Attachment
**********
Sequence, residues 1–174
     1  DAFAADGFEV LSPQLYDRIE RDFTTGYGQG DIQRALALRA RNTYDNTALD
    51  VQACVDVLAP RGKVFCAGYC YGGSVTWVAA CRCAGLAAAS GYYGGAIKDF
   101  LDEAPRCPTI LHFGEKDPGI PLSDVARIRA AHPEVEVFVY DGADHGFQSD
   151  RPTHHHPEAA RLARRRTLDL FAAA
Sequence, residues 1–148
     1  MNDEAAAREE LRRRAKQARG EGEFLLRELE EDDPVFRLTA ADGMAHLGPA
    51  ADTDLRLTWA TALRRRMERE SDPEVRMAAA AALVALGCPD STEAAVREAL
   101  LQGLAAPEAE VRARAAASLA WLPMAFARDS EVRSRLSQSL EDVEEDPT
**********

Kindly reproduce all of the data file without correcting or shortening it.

Sequence, residues 1–174
     1  DAFAADGFEV LSPQLYDRIE RDFTTGYGQG DIQRALALRA RNTYDNTALD
    51  VQACVDVLAP RGKVFCAGYC YGGSVTWVAA CRCAGLAAAS GYYGGAIKDF
   101  LDEAPRCPTI LHFGEKDPGI PLSDVARIRA AHPEVEVFVY DGADHGFQSD
   151  RPTHHHPEAA RLARRRTLDL FAAA
Sequence, residues 1–148
     1  MNDEAAAREE LRRRAKQARG EGEFLLRELE EDDPVFRLTA ADGMAHLGPA
    51  ADTDLRLTWA TALRRRMERE SDPEVRMAAA AALVALGCPD STEAAVREAL
   101  LQGLAAPEAE VRARAAASLA WLPMAFARDS EVRSRLSQSL EDVEEDPT